guard we show ourselves in-
tolerant to views of others. At
best we are hypocritical for even
if we know (somehow deep down
in our minds and hearts) what are
the premises on which this nation
rests, in our daily actions we are
prepared to act against them.
What is the explanation of this

dilemma which is more a plight
than a dilemma? The explanation
is not far to seek. It would seem
that we have been brainwashed
by the propaganda and ideology
of the Radical Right. The reac-
tion of the people who did not sign
the document was a stereotype
reaction of the people who adhere
to the philosophy of the right:
how dare you ask me to sign such
a document which is in sympathy
with altruism, spirituality, big
ideas, while my sympathies are
with selfishness, competition, in-
tolerance-which I disguise as
"the right views of mainstream
America." The reaction of the
woman who said: "Yousbould be
ashamed of yourself doing this in
America," is not so much highly
ironic but highly tragic. What has
become of us as people? What has
become of us as a great nation
which has always inspired other
nations with its idealism and
tolerance?
Actually we are a bit lucky that
we have those great documents
and ideals as a part of the foun-

dation of this nation. Without
them in the background the
selfishness and thoughtlessness
would have been more rampant.
Selfishness is an aspect of
thoughtlessness. Thoughtless-
ness, on the other hand, is a sure
way leading to selfishness and in-
tolerance.
People and nations are as great
as their aspirations are. Judging
by the reaction of most people to
the Declaration of Independence
we have become small people. It
is time to pull ourselves up by our
bootstraps, return to the drawing
board, do some thinking, re-read
those great documents on which
this - nation has been founded.
When we read those great
documents with undertstanding,
we shall find the philosophy of the
Radical Right to be profounly un-
American.
Skolimowsky is a professor
of humanities in the School of
Engineering.

LETTERS
Solicit diversity. Only better is better.'

To the Daily:
I do not see the reason for thet
Daily to publish such ridiculoust
nonsense as the letter by Seth t
Klukoff, editor of the Michigan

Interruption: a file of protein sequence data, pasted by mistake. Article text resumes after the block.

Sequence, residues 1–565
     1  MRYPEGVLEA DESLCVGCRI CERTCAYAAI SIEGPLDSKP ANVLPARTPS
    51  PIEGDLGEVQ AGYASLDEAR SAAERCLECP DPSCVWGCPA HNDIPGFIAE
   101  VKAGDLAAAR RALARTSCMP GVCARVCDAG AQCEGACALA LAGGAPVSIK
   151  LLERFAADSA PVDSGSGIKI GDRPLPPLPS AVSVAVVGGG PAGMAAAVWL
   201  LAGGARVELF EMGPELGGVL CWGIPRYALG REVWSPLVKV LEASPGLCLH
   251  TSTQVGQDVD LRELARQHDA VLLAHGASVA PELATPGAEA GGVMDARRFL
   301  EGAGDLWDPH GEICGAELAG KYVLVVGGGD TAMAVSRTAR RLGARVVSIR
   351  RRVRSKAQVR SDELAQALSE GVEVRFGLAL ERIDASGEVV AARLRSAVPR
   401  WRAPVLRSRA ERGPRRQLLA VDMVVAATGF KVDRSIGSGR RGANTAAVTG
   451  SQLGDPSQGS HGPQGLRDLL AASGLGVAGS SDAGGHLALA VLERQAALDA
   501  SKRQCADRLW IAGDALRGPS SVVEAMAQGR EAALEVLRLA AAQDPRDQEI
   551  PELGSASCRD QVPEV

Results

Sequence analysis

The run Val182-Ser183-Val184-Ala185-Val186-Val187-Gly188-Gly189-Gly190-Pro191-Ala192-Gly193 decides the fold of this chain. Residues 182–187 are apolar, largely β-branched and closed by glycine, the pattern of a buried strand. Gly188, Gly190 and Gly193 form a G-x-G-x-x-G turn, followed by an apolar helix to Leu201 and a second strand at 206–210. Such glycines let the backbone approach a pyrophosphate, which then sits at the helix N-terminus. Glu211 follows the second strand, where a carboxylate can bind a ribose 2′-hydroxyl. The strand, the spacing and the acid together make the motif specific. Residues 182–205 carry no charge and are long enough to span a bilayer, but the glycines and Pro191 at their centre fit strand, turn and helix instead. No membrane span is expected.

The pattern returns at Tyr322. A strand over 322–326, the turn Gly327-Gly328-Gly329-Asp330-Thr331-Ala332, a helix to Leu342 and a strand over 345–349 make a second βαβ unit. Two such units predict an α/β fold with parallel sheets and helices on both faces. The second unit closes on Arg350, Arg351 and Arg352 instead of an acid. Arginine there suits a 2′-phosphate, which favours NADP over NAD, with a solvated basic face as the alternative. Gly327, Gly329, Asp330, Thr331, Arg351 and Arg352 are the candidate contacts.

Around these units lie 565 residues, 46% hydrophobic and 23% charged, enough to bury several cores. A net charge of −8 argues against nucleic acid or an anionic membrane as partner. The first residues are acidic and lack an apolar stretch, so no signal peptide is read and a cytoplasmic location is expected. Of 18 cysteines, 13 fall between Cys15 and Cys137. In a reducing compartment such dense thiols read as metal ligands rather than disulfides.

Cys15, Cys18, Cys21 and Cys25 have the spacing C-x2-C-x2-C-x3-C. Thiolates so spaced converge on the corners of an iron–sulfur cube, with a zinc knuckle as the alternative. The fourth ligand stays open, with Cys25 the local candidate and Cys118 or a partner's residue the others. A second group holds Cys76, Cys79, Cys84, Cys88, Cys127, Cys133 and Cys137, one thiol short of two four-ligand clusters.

Review, on the imaginary merits
of Star Wars. It is nonsense, even
on its face, and to publish it is to
give it a bit of undeserved
credibility.
Anyone who has read Robert
Scheer's brilliant investigative
book With Enough Shovels:I
Reagan, Bush, and Nuclear War,
knows that Reagan does not even
want to "Make nuclear war ob-
solete" (which is a misnomer1
because it is not currently being
practiced, "weapons", notI
""war") rather, Reagan would -
like to be able to fight and win a
nuclear war.
Klukoff himself is the fascist
dog here. His idea has been t
examined and unanimously
rejected by those who have beent
objective. To those fascist dogs,
like Klukoff, however, who are;
more sensitive to dreams and
ideology than reality, systems
like Star Wars still appear.
The Dail wnuld do less tn onn-

at least the Daily should insist
that the contrary opinions it prin-
ts share the appearance of being
founded on facts rather than on
desires. At best, the SDI
argument is a bald, unproven
assertion that "It can be done."

Well, if the best the SDI folks can
say is a care "we can," why even
listen to them? Why even give
their argument a touch of
credibility by printing it?
If you want diversity of opinion,
solicit it. But don't just take

whatever comes, because it
carries the label of "different".
Different is not better. Only bet-
ter is better.
-Mark Graham
September 24

Students repress beliefs

4

,.}
YV
o>
- ~'(
-, /

To the Daily;
We can guess that Michael
Penskar ("Strategic Defense?
Just Ask Bo," Daily, Sept. 25)
only read, or at least only
retained, the last paragraph of our
letter on SDI, ("SDI might make
nuclear weapons obsolete,"
Daily, Sept. 23). having focused
in on the words, "fascist" and
"closed-mindedness." However,
in the second paragraph we
wrote, "At present SDI is only in
the research stage and as such,
we do not know what may be
done." We are not approaching
SDI with "blind faith," as Pen-
skar wrote. Rather, we are ap-
proaching it as a possible solution

to a tough problem.
In any case , our use of the
word, "fascist" does, perhaps,
deserve an explanation. There
are many good reasons for not
studying SDI, such as other
projects, and even the belief that
it will not work. However, having
a belief does not mean that it can
be imposed on others. When this
is attempted, as Ingrid Kock and

company have attempted to im-
pose their anti-SDI beliefs on the
faculty and students of the
University, they are acting As
fascists. As history has shown,
such repression of others' beliefs
can often lead to dictatorships.
-Seth B. Klukoff
Charles D. Lipsig
September2

sp
No

Letters to the Daily should by typed, triple-
aced, and signed by the individual authors.
ames will be withheld only in unusual circum-

stances. Letters may be
mar, and spelling.

edited for clarity, gram-,
by Berke Breathed

BLOOM COUNTY

_-I